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PBS asks why Call of Duty isn't about duty, why Medal of Honor isn't about honor

Charlie Hall is Polygon’s tabletop editor. In 10-plus years as a journalist & photographer, he has covered simulation, strategy, and spacefaring games, as well as public policy.

Jamin Warren, founder of Kill Screen Magazine and host of PBS Game/Show has a dense 10-minute look at wargames that is worth your time if you play games, or are a citizen of any country that has ever been at war. So basically everyone should watch this.

Warren nimbly charts the course of wargaming from sixth century India to the modern day, specifically focusing on the modern fixation with the first-person shooter genre. War has changed since World War I, from a kind of sport for the ruling class to an asymmetrical morass of violence. And yet our most popular wargames regularly miss the mark in portraying real war in a real way.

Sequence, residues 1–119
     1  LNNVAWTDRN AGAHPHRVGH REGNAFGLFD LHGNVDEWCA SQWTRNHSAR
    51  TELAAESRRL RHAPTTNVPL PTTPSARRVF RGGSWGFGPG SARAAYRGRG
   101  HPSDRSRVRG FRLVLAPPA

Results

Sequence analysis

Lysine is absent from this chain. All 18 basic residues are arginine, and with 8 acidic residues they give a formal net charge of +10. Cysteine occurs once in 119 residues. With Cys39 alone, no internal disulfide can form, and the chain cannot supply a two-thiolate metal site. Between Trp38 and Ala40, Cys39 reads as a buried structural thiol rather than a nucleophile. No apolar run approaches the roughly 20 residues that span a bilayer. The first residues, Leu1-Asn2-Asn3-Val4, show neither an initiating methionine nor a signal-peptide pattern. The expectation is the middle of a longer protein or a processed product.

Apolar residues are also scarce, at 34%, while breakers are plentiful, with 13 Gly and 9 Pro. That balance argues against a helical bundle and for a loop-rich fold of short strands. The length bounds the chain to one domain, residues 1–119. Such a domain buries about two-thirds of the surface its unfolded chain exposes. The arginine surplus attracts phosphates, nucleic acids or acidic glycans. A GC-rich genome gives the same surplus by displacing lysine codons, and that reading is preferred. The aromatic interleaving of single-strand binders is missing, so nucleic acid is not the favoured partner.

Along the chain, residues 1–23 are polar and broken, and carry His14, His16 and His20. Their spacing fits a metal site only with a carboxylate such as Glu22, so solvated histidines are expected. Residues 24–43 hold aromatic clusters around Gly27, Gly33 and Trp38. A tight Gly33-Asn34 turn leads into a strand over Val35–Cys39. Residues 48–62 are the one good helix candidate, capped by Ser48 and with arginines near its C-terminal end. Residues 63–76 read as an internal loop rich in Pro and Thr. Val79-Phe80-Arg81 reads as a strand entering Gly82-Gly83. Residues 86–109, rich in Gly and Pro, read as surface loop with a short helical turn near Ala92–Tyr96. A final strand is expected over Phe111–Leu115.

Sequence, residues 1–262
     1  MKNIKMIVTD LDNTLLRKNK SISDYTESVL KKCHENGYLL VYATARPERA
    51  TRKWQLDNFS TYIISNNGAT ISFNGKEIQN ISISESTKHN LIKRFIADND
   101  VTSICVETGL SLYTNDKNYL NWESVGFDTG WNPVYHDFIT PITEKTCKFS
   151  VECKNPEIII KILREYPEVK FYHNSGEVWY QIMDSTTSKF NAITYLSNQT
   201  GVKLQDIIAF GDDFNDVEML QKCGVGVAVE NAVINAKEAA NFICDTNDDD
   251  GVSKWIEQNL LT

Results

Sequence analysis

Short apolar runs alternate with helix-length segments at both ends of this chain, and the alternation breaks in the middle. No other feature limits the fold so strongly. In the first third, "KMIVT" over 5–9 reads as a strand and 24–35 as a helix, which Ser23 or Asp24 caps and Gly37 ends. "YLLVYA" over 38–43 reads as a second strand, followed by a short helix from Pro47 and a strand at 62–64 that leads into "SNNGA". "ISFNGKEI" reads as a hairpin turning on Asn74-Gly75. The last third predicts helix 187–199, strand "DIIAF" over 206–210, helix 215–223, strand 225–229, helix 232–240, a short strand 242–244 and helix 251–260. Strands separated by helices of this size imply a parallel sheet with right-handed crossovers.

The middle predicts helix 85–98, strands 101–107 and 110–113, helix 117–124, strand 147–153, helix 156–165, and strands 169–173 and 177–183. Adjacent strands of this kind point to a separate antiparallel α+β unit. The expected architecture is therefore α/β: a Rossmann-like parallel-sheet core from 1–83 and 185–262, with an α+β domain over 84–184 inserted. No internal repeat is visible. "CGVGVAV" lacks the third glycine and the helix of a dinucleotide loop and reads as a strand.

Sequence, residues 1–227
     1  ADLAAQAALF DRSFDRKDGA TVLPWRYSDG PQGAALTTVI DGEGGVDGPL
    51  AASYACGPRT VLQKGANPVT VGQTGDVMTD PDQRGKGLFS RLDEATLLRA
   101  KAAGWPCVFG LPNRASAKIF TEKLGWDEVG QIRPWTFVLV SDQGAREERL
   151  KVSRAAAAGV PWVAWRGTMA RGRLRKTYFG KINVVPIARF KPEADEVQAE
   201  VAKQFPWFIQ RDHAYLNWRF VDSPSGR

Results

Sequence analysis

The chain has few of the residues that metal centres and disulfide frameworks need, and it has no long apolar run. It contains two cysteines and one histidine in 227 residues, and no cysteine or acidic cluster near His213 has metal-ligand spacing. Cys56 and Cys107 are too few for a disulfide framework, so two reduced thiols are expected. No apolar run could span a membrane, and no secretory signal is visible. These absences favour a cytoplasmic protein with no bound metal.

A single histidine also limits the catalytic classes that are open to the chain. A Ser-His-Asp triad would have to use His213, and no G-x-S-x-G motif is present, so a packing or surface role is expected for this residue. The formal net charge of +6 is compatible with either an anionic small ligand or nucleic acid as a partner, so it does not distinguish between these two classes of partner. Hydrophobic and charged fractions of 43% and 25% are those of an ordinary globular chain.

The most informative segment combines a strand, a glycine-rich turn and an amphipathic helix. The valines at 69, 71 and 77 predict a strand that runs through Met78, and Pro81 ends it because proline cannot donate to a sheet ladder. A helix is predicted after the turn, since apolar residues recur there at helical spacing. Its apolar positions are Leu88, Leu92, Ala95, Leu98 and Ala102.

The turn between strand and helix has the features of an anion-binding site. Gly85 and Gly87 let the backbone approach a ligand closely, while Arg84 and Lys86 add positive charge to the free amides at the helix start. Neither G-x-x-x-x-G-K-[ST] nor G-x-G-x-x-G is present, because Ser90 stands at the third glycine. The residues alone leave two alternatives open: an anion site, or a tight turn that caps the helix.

Fighting wars requires teamwork, tactics and careful conservation of resources like fuel and ammunition. Today's most popular games are a fantasy that bear little to no resemblance to the realities of modern combat.

"Sure, games are fiction," Warren said, "but that doesn't mean we shouldn't ask anything of them," pointing to games like Final Fantasy Tactics and Fire Emblem as examples of better explorations of the themes of war than Call of Duty.

Warren also spent time praising the Arma series of infantry combat simulation games. Polygon spent months embedded with the elite group of Arma players, including members of the active-duty military, at Shack Tactical. You can read our feature here.